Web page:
Epidural Blood Patching in Spontaneous Intracranial Hypotension-Do we Really Seal the Leak?

Piechowiak, Eike I; Aeschimann, Benjamin; Häni, Levin; Kaesmacher, Johannes; Mordasini, Pasquale; Jesse, Christopher Marvin; Schankin, Christoph J; Raabe, Andreas; Schär, Ralph T; Gralla, Jan; Beck, Jürgen; Dobrocky, Tomas (2022). Epidural Blood Patching in Spontaneous Intracranial Hypotension-Do we Really Seal the Leak? (In Press). Clinical neuroradiology Springer-Verlag 10.1007/s00062-022-01205-7

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PURPOSE

Epidural blood patch (EBP) is a minimally invasive treatment for spontaneous intracranial hypotension (SIH). Follow-up after EBP primarily relies on clinical presentation and data demonstrating successful sealing of the underlying spinal cerebrospinal fluid (CSF) leak are lacking. Our aim was to evaluate the rate of successfully sealed spinal CSF leaks in SIH patients after non-targeted EBP.

METHODS

Patients with SIH and a confirmed spinal CSF leak who had been treated with non-targeted EBP were retrospectively analyzed. Primary outcome was persistence of CSF leak on spine MRI or intraoperatively. Secondary outcome was change in clinical symptoms after EBP.

RESULTS

In this study 51 SIH patients (mean age, 47 ± 13 years; 33/51, 65% female) treated with non-targeted EBP (mean, 1.3 EBPs per person; range, 1-4) were analyzed. Overall, 36/51 (71%) patients had a persistent spinal CSF leak after EBP on postinterventional imaging and/or intraoperatively. In a best-case scenario accounting for missing data, the success rate of sealing a spinal CSF leak with an EBP was 29%. Complete or substantial symptom improvement in the short term was reported in 45/51 (88%), and in the long term in 17/51 (33%) patients.

CONCLUSION

Non-targeted EBP is an effective symptomatic treatment providing short-term relief in a substantial number of SIH patients; however, successful sealing of the underlying spinal CSF leak by EBP is rare, which might explain the high rate of delayed symptom recurrence. The potentially irreversible and severe morbidity associated with long-standing intracranial hypotension supports permanent closure of the leak.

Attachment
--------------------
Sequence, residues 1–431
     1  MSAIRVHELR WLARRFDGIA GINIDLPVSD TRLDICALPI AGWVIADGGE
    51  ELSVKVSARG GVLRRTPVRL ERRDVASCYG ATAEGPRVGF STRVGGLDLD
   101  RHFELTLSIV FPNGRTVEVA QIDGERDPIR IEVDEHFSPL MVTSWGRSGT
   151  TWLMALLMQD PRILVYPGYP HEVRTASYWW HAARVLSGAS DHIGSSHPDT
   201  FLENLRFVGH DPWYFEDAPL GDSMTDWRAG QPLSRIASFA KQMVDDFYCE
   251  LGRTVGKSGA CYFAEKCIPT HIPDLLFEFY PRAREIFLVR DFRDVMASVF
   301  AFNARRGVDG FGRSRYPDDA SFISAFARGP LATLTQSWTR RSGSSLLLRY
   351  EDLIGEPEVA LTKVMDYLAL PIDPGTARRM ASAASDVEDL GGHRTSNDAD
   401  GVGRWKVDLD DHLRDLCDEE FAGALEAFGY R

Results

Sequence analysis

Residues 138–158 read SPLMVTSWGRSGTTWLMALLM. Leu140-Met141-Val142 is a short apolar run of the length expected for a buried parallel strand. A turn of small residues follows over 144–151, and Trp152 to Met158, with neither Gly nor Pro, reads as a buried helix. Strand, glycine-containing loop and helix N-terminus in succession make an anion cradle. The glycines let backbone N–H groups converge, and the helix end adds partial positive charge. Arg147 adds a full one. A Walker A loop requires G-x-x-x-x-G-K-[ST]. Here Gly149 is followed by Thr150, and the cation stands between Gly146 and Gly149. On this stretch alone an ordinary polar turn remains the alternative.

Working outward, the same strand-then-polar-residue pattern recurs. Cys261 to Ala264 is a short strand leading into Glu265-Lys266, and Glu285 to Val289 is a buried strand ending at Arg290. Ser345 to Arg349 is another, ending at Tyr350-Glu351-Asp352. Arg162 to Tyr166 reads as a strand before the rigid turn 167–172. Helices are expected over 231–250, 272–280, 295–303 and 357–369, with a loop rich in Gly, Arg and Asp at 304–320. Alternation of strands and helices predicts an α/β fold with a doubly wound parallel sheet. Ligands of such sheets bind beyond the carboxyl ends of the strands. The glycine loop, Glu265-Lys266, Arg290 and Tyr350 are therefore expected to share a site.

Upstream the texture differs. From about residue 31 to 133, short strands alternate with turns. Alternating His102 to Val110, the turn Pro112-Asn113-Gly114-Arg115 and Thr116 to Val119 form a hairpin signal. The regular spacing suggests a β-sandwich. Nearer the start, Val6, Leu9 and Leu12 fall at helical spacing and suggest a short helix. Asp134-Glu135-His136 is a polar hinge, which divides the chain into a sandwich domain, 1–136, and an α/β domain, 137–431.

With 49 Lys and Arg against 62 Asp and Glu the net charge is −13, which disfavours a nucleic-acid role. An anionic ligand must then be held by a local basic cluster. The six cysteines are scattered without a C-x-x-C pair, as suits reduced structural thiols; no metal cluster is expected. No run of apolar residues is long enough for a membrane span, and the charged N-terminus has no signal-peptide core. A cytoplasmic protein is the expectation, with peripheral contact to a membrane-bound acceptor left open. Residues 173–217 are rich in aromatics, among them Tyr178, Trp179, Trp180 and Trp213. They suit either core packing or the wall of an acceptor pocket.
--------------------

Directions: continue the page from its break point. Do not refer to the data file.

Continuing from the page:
Item Type:

Journal Article (Original Article)

Division/Institute:

04 Faculty of Medicine > Department of Radiology, Neuroradiology and Nuclear Medicine (DRNN) > Institute of Diagnostic and Interventional Neuroradiology
04 Faculty of Medicine > Department of Head Organs and Neurology (DKNS) > Clinic of Neurosurgery
04 Faculty of Medicine > Department of Head Organs and Neurology (DKNS) > Clinic of Neurology

UniBE Contributor:

Piechowiak, Eike Immo; Häni, Levin; Kaesmacher, Johannes; Mordasini, Pasquale; Jesse, Christopher Marvin; Schankin, Christoph Josef; Raabe, Andreas; Schär, Ralph Thomas; Gralla, Jan; Beck, Jürgen and Dobrocky, Tomas

Subjects:

600 Technology > 610 Medicine & health

ISSN:

1869-1439

Publisher:

Springer-Verlag

Language:

English

Submitter:

Pubmed Import

Date Deposited:

29 Aug 2022 13:31

Last Modified:

29 Aug 2022 13:41

Publisher DOI:

10.1007/s00062-022-01205-7

PubMed ID:

36028627

Uncontrolled Keywords:

Cerebrospinal fluid leak Epidural blood patch Spontaneous intracranial hypotension

BORIS DOI:

10.48350/172445

URI:

https://boris.unibe.ch/id/eprint/172445

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